We are right in the middle of the blueberry season. They are native to North America. Harvest starts in June peaking in the middle of August. Of course, they can be found year-round with those imported. It is always the right growing season somewhere.

Commercially, approximately 40% of what is called highbush blueberries are grown in the United States. Highbush are tall cultivated bushes. Canada is known for its lowbush blueberries. They grow on low scrubs and are synonymous with “wild” types.

One of the first colonies to cultivate blueberries was what was come to be known as New Jersey. Hammonton is the self-proclaimed “blueberry capital of the world. There are 56 blueberry farms located with Hammonton as its core. The town’s population is only around 14,000.

The area features festivals and events centering around blueberries. In the 1980s the Red, White & Blueberry Festival was established. This brings thousands to the area during the summer months.

It takes 10 days for the berries to reach their peak after the first bud. It takes some patience waiting for them to reach the sweet peak we like to eat them at. Size does not determine if ripe — it is the color. The darker the purple the riper.

Today, Peru is the major exporter of blueberries. The U.S. ranks sixth as exporters and imports berries from other countries. Blueberries are grown in 38 states with Michigan leading the list. It seems Pennsylvania is not anywhere near the top.

When I was a kid, there were summer playgrounds. The two I attended were Morris Street and Reeves Park. Reeves Park was the one that had the most activities and crafts. It was due to the dynamic instructors — Peggy Keenan and Marty McCabe. There was always something fun going on.

There is where I encounter a kid — about 10 years old. I do not know how the word blueberry came up (but it must have). He could say blue — but when adding berry — he could only say “boo-berry” no matter how hard he tried he could not say blueberry.

Blueberries were originally used as a dye. (Whales from New England once dyed garments.) Today, blueberries are predominately used in culinary avenues. Sold or quickly processed as whole fruits, juice or puree — then there is dried and infused. They are made into jelly, jams, muffins, pies, snack foods and cereals.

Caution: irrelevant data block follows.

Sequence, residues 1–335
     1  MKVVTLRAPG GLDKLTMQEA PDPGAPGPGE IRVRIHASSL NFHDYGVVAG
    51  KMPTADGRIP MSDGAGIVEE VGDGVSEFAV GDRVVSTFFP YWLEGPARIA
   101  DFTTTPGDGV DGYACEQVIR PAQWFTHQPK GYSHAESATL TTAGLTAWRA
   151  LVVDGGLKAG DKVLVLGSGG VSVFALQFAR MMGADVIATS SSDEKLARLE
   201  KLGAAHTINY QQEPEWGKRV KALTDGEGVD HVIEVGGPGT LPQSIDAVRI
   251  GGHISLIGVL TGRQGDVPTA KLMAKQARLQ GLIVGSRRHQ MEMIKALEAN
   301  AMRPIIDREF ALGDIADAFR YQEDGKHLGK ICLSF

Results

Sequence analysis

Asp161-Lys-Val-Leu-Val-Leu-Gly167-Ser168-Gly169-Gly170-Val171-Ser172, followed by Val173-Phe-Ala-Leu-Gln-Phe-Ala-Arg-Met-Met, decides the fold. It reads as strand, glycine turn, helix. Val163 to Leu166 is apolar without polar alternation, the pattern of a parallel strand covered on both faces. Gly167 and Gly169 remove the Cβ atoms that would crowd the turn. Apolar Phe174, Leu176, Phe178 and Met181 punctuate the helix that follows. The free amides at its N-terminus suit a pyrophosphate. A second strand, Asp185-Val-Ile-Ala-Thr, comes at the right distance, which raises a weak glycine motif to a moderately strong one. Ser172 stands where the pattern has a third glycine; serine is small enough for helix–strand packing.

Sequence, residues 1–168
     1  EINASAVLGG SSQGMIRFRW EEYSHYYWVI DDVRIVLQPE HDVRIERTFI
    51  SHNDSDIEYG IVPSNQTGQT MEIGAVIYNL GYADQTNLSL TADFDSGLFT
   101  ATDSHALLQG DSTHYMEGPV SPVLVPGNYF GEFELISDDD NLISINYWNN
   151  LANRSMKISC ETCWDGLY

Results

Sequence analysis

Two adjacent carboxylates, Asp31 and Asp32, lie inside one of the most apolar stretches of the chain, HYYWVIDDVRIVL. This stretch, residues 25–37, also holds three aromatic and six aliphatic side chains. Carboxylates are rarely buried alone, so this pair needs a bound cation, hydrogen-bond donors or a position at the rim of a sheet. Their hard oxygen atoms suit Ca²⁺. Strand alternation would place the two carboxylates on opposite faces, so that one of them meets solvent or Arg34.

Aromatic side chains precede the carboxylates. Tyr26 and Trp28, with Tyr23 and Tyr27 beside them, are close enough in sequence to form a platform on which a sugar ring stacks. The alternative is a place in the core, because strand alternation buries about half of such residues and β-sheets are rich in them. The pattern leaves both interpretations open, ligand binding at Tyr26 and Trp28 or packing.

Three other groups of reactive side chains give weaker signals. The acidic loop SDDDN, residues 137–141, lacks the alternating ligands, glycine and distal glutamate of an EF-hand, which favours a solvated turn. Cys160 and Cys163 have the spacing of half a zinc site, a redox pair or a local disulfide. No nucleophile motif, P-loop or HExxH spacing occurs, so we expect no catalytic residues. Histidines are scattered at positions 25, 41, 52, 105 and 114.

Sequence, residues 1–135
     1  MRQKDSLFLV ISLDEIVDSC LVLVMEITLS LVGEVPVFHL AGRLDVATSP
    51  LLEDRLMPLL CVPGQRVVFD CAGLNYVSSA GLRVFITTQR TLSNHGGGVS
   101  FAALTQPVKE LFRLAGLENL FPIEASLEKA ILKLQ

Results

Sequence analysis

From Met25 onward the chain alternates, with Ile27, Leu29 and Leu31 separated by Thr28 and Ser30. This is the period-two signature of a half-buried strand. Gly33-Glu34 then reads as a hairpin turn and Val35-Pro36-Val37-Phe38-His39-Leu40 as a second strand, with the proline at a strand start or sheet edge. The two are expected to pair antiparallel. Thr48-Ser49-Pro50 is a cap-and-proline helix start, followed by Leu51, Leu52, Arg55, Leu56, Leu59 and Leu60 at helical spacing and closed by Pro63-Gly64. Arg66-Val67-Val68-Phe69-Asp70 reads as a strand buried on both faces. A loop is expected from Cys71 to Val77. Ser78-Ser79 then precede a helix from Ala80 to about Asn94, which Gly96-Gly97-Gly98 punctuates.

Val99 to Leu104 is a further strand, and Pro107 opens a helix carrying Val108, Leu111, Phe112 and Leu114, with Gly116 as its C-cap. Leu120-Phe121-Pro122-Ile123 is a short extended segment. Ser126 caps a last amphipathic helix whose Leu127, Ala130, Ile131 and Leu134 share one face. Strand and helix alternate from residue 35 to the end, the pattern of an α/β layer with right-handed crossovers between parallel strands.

Blueberries are high in potassium and vitamin C — they act as an anti-inflammatory. As well as being low in calories, one cup is only 85 calories. One cup is a lot of berries due to their size.

EASY BLUEBERRY CRISP

5 cups fresh or frozen blueberries

2 Tbsp. granulated sugar

2 Tbsp. all-purpose flour

1 lemon

TOPPING ...

¼ cup softened butter

½ cup brown sugar

¼ cup all-purpose flour

¾ cup regular or quick oats

¼ tsp. cinnamon

½ cup chopped almonds (optional)

Preheat oven to 378-degrees.

Grate the rind of the lemon and squeeze the juice from half of the lemon.

Toss berries* with sugar, lemon rind, 1 tablespoon lemon juice and 2 tablespoons flour. Pour mixture into a 2-quart baking dish/pan.

For topping combine with fork-softened butter, brown sugar, oats, flour, cinnamon and (optional) nuts until crumbled. Sprinkle over berry mixture. Bake 30 to 35 minutes or until the top is golden brown and berries bubbly. Cool slightly and serve warm. For an added treat serve with a scoop of ice cream or whipped cream.

*This crisp recipe is for blueberries – but the recipe could be used for other berries.

TIP: Blueberries sprinkled over a crispy leaf salad (as shown in the picture) adds a tasty brightest.

STAY SAFE – REMEMBER SOCIAL DISTANCING IS STILL NECESSARY AS WELL AS BEING VACCINATED

Contact columnist Bette Banjack at banjack303.verizon.net. Search YouTube – with BetteBanjack as well as phoenixvillenews.com (search bar Banjack). She can also be found on Facebook.

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